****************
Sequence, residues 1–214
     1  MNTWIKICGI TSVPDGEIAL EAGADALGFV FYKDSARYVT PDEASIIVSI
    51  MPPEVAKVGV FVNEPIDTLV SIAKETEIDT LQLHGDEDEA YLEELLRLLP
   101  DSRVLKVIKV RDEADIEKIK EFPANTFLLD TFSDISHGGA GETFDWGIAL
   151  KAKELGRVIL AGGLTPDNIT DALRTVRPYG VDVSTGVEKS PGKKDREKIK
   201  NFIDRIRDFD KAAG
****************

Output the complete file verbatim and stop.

Sequence, residues 1–214
     1  MNTWIKICGI TSVPDGEIAL EAGADALGFV FYKDSARYVT PDEASIIVSI
    51  MPPEVAKVGV FVNEPIDTLV SIAKETEIDT LQLHGDEDEA YLEELLRLLP
   101  DSRVLKVIKV RDEADIEKIK EFPANTFLLD TFSDISHGGA GETFDWGIAL
   151  KAKELGRVIL AGGLTPDNIT DALRTVRPYG VDVSTGVEKS PGKKDREKIK
   201  NFIDRIRDFD KAAG